I Can Still Draw Your Picture In The Dark
Normally, I don't get all gushy about music and such, but for the past several weeks I've had one CD basically on "continuous play mode" in every musical playback device I own (which, surprisingly, is actually quite a few):
Don't let the title of this solo debut album by Chicagoan-by-way-of-Florida musical nerd Devin Davis fool you into a false sense of expectation for some maudlin, cryin' in the basement sort of musical downer; quite the contrary. From the jaunty, surreal juxtoposition of Social Realism meets "The Music Man" pop references on the cover to the exquisitely crafted paeans to '70's power pop anthems contained beneath it, Davis nails the concept of the One Man Band for the 21st Century.
After spending more than two years literally single-handedly laying down all but a mere three instruments on the eleven tracks of this album, sleeping on sofas at the recording studio where he worked in order to be able to snatch the odd few minutes of unused session time, and honing each number down to a glittering diamond of musical and lyrical precision, Davis has crafted music that is so infectiously upbeat and optimistic as to make even the most hardened, jaded cynic jerk in surprise at the sheer exhuberant toe-tappingness of it all. Simply put, it's an entire album's worth of Summer Hits, all rolled into one meticuluously assembled, lovingly nurtured, ruthlessly edited, and irressistibly joyful package.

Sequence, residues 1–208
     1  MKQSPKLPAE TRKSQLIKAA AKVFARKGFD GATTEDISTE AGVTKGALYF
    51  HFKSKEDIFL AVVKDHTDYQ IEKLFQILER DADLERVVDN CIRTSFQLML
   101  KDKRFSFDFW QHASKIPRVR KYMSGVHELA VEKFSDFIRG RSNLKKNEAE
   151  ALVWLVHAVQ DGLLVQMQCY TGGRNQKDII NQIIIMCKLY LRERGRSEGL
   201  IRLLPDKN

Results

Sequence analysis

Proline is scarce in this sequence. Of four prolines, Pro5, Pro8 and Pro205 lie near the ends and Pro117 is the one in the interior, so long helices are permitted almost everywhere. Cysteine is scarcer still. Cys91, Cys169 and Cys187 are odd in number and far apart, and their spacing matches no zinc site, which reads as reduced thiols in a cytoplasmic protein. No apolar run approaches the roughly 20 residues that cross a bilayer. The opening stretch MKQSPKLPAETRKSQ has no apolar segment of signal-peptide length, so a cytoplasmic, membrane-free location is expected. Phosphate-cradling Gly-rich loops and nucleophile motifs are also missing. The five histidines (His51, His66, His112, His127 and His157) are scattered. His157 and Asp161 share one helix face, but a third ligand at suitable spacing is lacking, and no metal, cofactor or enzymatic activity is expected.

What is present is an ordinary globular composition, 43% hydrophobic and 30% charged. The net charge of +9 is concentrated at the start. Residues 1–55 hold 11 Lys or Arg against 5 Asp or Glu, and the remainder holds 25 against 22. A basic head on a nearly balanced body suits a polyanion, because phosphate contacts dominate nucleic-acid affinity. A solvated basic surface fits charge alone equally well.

For all his single-minded sense of purpose, Davis' accomplishment could easily be pointing to both the future of independent music and the future of independent artists in general. Today, anyone can record their own CD, shoot their own film, stage their own play. Individual artists, compelled not by fame or fortune, but by the unsuppressible urge to create are out there utilizing every erg of energy, skill and technology at their disposal and pouring it into their vision. And with the confluence of a ready-made communication and distribution system, now anyone with a will has the ability to share their work with literally billions of potential purchasers. It's the Free Market without the middleman; producers selling directly to consumers, and Davis could become one of the first true breakout artists to owe their success directly to the New Medium.
Apparently, this CD has been slowly garnering both popular and critical praise all over the InterWeb, but even if Davis turns out to be a one-hit wonder (and one hopes for all our sake's that's not the case), then he - and we - can still be cheered by the thought that for the Summer of '05 at least, all the lonely people of the world knew where they all belonged.
And that's a very good thing to know.
(MP3 samples from the album can be downloaded from here)
on 10:08 PM